A new breed of agtech fund is born. Pontifax Food and Agriculture Technology Fund (Pontifax AgTech), which just held a first close on a private equity vehicle which is targeting $200 million, differs from many of its peers in its approach to the sector.
It invests in later stage deals; its founders made the first four investments before the fund was even formed; it’s committed to engaging strategic players in its investments; it has a unique footprint in both the US and Israel; and it’s attracted a new set of high profile investors to the sector.
The fund’s founding investors, revealed for the first time to AgFunderNews, include David Bonderman, founder of private equity giant TPG Capital, Tony Ressler, founder of Ares Management, the global alternative investment manager, media mogul Haim Saban, and Stewart Resnick, founder of The Wonderful Company, the largest vertically integrated permanent crop company in North America.
The motivation for each of these investors ranged from interest from their family offices in the fund itself, as direct co-investment partners, later stage project financing deal flow for infrastructure funds, technology scouting, and industry intelligence, according to Ben Belldegrun, co-founder of Pontifax AgTech.
“Because we realized there was a lot of investor education needed, especially among our investor base of new and larger sources of capital in the space, we wanted to go out and make a handful of compelling and tangible investments before putting a fund together,” said Belldegrun. “We didn’t want to offer a blind pool fund, but felt that a tangible portfolio would be the most effective way to illustrate to investors ‘here are our insights into the sector, here’s how we think, and here’s our investment strategy’.”
The first four investments — enhanced efficiency fertilizer companyAnuvia Plant Nutrients, AgBiome, a biological crop protection startup, robotics company Blue River Technology, and ag software business Conservis — were made with capital from Belldegrun, Erlanger, and the founding Investors. This is an unusual route to market for any private equity fund, and the investments have now been rolled into the fund at cost.
“We think these companies, which address some of our key focus areas, are industry-leading and disruptive,” said Philip Erlanger, co-founder of Pontifax AgTech.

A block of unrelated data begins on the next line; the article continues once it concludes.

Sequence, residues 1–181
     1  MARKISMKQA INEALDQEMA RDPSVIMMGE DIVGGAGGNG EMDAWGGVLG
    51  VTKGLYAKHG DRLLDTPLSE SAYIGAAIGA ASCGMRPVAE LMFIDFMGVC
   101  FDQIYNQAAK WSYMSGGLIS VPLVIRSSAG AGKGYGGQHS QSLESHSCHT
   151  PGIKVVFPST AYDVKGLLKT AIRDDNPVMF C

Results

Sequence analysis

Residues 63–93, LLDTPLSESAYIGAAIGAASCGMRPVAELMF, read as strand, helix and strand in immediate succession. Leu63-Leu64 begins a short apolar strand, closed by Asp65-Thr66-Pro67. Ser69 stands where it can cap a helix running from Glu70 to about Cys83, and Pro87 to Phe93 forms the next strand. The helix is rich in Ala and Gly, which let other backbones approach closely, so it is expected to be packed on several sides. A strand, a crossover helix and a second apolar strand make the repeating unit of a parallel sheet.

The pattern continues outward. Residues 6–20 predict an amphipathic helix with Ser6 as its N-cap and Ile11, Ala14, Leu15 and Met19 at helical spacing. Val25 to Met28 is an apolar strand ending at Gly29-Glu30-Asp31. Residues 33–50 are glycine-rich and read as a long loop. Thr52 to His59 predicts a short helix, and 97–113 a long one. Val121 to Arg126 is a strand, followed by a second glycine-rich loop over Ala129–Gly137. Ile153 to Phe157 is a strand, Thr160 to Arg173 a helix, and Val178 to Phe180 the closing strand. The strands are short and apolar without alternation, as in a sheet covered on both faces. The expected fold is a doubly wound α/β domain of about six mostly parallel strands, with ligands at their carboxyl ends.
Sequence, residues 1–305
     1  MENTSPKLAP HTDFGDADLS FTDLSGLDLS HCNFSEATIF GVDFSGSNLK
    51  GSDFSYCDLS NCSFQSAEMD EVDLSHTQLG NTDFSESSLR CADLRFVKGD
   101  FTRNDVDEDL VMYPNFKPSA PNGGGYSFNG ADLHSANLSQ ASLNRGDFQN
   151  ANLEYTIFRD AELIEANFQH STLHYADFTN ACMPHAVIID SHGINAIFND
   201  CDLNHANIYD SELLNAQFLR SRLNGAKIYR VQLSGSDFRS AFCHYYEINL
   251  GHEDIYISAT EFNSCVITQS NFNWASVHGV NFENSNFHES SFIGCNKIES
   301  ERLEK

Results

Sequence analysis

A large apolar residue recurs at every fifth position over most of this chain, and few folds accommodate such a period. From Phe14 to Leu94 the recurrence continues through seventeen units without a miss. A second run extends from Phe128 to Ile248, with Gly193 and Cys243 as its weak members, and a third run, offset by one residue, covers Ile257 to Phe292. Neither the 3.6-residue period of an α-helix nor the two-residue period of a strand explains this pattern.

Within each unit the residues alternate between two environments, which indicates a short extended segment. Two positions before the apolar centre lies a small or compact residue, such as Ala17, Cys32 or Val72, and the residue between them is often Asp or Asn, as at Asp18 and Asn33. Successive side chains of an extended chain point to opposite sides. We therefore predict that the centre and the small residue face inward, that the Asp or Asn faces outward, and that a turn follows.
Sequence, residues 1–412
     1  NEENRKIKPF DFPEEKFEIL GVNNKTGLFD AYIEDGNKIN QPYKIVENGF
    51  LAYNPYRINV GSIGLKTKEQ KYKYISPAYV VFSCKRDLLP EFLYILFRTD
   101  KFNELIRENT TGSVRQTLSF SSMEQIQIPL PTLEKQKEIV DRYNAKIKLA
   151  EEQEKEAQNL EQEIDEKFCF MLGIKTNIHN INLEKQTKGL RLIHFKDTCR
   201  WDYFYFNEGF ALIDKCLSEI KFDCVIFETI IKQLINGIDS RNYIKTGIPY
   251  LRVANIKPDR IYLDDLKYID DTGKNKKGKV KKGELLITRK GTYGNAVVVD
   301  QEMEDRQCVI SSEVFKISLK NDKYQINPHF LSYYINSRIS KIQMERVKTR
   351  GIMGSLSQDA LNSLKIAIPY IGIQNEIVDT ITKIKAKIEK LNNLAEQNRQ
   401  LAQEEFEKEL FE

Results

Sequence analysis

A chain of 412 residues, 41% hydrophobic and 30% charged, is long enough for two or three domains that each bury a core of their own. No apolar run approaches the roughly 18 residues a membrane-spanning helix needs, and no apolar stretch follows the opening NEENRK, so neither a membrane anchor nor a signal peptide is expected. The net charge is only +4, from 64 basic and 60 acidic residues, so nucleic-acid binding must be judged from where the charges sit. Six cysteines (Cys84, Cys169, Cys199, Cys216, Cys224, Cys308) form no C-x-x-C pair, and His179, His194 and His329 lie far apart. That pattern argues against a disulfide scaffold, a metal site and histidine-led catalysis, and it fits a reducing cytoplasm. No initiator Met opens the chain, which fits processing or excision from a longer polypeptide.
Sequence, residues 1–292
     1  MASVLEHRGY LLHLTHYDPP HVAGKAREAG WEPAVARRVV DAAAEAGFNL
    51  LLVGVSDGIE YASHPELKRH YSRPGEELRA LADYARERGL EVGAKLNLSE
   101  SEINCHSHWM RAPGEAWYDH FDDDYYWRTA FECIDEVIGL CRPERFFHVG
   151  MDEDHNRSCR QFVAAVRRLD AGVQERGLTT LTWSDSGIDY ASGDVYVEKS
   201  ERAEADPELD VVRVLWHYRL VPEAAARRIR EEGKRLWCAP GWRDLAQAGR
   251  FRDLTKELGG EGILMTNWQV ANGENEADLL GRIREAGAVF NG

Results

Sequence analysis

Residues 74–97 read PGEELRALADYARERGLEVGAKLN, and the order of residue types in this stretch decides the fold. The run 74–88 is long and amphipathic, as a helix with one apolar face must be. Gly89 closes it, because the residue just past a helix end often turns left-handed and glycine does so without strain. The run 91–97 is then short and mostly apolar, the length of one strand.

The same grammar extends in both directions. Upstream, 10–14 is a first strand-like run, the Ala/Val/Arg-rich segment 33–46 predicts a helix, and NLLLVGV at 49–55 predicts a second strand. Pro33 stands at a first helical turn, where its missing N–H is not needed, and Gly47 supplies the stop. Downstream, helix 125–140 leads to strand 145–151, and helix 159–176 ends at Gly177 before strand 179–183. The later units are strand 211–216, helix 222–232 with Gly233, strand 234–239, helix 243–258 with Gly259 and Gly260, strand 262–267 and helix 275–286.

Anuvia was the first investment Belldegrun and Erlanger made together, and it built on their strategy.
“We’re very thematically focused in our investment strategy. We try to identify key problems that broadly confront the agriculture supply chain and then work on solving them through the companies we invest in,” said Erlanger. “Anuvia’s slow release fertilizer provides increased nutritional efficacy for crops while at the same time reducing groundwater leaching.”
Anuvia is also solving another big problem: municipal waste management. It uses bio solids – read human waste — as feedstock for its fertilizer.
Erlanger and Belldegrun have known each other for years as family friends, but came to agtech through different routes.
Belldegrun’s most recent role before partnering with Erlanger was as an agriculture equity manager at hedge fund Brevan Howard. This capital markets experience led him to the conclusion that agriculture companies had better risk-adjusted returns at the pre-IPO stage. He also fostered relationships with leading global agtech companies and now puts potential investments in front of them to get their feedback as part of the fund’s diligence. In return, the aim is that these companies will routinely co-invest alongside Pontifax AgTech; explore joint ventures or consider other business development opportunities, according to Belldegrun. “They tell us what they want to see,” said Belldegrun. “We encourage them to invest in our portfolio companies alongside us. We think there are great synergies to be found collaborating with strategics that we know well.”